The Middle Eastern Shadow
Jonathan Brown wonderfully highlights a theme that, while discussed at numerous points in the book, certainly merits much further inquiry and exposition: the relationship between intra- ‘ulamā’ rivalries in modern South Asia and the Muslim intellectual landscape and debates of the Ottoman Middle East. As I detail in the book, the Hanafi assault on Wahhabi thought in Arabia not only colored the polemical ink of South Asian scholars like Aḥmad Razā Khān (d. 1921). Moreover, seeking the endorsement of prominent Arab scholars was also seen as a coveted pursuit by Barelvī and Deobandī pioneers alike (see esp. chapter 9). Brown has also highlighted an instructive irony: “[Aḥmad Razā] Khān’s writings seem to have had little impact on scholarship in the Arab world, certainly not in comparison to Deobandīs like Anwar Shāh Kashmīrī [d.1933]. Ironically, if asked about the Prophet’s knowledge of the unseen or the mawlid, scholars like [Zāhid] al-Kawtharī [d.1952] and [‘Abdallāh] al-Ghumārī [d.1993] would no doubt take the Barelvī side. But they could read and appreciate the books of Deobandī scholars in blissful removal from the controversies in South Asia.” This observation is pertinent not only to the interaction of Arab and South Asian traditionalism, but in a sense also to the popular reception of these rival groups within South Asia as well. On the one hand, the dominant mode of everyday ritual practice among South Asian Muslims most certainly aligns much greater with the Barelvī worldview. For instance, the Prophet’s birthday celebration today is not only deeply entrenched in the ritual life of the community; establishing it as a heretical innovation seems a task much more socially and doctrinally daunting than it was a century ago. However, despite the ritual entrenchment of the Barelvī orientation, the Deoband school continues to dominate the intellectual and popular terrain of religious knowledge in terms of institutional structures and depth, publishing capacity and output, and outreach to global scholarly audiences, as Brown’s analysis also confirms.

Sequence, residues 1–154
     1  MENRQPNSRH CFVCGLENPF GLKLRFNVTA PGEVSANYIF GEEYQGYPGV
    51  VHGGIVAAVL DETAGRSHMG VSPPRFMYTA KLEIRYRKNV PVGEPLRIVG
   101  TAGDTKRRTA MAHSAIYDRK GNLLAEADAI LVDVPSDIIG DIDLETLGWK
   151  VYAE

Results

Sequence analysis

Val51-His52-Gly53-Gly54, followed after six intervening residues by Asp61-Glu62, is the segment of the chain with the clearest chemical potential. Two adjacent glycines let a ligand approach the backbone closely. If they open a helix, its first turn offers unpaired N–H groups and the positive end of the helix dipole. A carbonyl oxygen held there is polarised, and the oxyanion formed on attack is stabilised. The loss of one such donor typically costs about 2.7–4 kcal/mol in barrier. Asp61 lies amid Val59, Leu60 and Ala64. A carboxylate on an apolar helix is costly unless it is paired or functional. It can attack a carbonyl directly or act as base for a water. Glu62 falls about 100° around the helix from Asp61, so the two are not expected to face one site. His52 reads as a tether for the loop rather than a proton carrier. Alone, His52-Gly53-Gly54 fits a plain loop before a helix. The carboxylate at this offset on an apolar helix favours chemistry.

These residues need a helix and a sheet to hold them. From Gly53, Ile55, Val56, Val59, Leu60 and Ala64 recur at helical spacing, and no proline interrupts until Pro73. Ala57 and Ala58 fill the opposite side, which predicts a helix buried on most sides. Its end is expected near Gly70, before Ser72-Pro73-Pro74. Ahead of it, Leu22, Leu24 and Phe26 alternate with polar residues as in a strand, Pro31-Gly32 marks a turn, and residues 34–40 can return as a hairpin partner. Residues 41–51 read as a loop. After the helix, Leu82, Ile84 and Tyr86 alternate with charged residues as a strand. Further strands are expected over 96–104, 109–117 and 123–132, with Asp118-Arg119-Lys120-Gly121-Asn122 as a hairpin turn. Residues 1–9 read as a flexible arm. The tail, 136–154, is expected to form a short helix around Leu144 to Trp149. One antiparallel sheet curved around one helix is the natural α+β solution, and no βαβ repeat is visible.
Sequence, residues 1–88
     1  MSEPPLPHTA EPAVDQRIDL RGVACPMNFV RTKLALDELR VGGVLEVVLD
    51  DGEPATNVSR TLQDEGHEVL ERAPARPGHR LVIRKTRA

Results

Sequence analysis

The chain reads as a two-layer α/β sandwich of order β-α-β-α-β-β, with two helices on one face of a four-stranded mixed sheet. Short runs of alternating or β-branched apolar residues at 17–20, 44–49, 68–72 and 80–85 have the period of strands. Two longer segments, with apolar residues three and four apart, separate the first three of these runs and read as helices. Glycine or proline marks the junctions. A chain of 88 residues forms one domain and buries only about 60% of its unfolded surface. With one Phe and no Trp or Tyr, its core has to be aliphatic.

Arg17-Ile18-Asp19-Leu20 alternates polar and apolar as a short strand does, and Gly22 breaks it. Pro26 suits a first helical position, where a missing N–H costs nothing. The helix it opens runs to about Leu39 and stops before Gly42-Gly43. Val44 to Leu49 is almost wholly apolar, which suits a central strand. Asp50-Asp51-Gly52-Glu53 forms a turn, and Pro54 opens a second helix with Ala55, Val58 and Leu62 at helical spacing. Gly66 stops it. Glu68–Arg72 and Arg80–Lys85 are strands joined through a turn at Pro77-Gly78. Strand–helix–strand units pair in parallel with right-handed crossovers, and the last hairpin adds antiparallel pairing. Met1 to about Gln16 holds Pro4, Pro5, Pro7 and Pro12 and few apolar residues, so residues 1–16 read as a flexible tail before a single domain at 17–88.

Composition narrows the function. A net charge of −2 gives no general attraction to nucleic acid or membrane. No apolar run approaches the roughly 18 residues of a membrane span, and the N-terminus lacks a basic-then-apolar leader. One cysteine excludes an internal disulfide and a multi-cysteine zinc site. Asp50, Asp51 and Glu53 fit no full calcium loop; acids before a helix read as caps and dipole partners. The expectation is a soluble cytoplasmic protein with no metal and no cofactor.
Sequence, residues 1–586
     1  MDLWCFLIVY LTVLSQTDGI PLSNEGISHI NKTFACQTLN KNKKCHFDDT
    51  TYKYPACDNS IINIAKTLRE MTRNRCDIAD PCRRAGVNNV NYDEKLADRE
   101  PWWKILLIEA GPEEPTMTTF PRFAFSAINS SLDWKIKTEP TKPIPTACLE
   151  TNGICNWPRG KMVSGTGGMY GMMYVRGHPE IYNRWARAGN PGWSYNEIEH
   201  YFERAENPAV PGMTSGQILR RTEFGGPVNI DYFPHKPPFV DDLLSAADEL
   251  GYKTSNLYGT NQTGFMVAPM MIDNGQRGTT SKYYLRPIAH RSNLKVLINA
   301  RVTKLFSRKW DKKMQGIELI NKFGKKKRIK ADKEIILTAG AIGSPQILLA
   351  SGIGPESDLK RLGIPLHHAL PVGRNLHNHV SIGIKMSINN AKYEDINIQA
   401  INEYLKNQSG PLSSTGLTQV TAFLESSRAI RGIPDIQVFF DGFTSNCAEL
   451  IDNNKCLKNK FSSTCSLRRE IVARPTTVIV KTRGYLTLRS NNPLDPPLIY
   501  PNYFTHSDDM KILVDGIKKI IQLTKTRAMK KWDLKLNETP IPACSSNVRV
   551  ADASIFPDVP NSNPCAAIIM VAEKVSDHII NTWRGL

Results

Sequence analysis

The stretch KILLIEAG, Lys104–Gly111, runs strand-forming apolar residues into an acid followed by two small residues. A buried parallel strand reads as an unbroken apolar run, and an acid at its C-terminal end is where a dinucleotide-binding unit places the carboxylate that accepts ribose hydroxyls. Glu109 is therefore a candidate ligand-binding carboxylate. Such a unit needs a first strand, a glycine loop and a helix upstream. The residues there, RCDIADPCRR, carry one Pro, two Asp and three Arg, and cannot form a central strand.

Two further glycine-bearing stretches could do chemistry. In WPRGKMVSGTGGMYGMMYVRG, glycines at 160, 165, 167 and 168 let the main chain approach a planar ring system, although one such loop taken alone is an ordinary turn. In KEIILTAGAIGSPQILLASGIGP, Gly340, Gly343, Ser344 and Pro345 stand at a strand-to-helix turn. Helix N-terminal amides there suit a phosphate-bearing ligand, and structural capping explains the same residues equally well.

The Work Continues
Brown’s point also connects nicely with a useful and valid critique raised by Waris Mazhari that for all my claims to complicate Deobandī thought, I at times perhaps generalize its intellectual project without having considered prominent Deobandī ‘ulamā’ voices that run contrary to those generalizations. More specifically, Mazhari astutely argues that while I present the early nineteenth-century reformer Shāh Muḥammad Ismāʿīl (d. 1831) and the Deoband school as part of a common reformist program and genealogy, Deobandī heavyweights like Anwar Shāh Kashmīrī were in fact deeply critical of what they saw as Ismāʿīl’s acerbic discursive style. Mazhari’s critique not only provides me the opportunity to offer the clarification that my juxtaposition of Ismāʿīl and some of the Deoband pioneers was specific to some among the latter—most notably Rashīd Aḥmad Gangohī (d. 1906), Ashraf ‘Alī Thānvī (d. 1943), and Khalīl Aḥmad Sāharanpūrī (d. 1927)—and to specific theological and normative problems. More importantly, it also serves as a useful reminder of the dizzying variety and the unpredictable scholarly trajectories that populate Deobandī and indeed Barelvī discursive universes. On that note, I hope Defending Muḥammad in Modernity and other kindred works that have appeared in the last couple years will inspire and attract more than a few graduate students to dive into the often-perplexing yet hugely rewarding waters of South Asian ‘ulamā’ traditions of knowledge and debate. Our work, indeed, has just begun.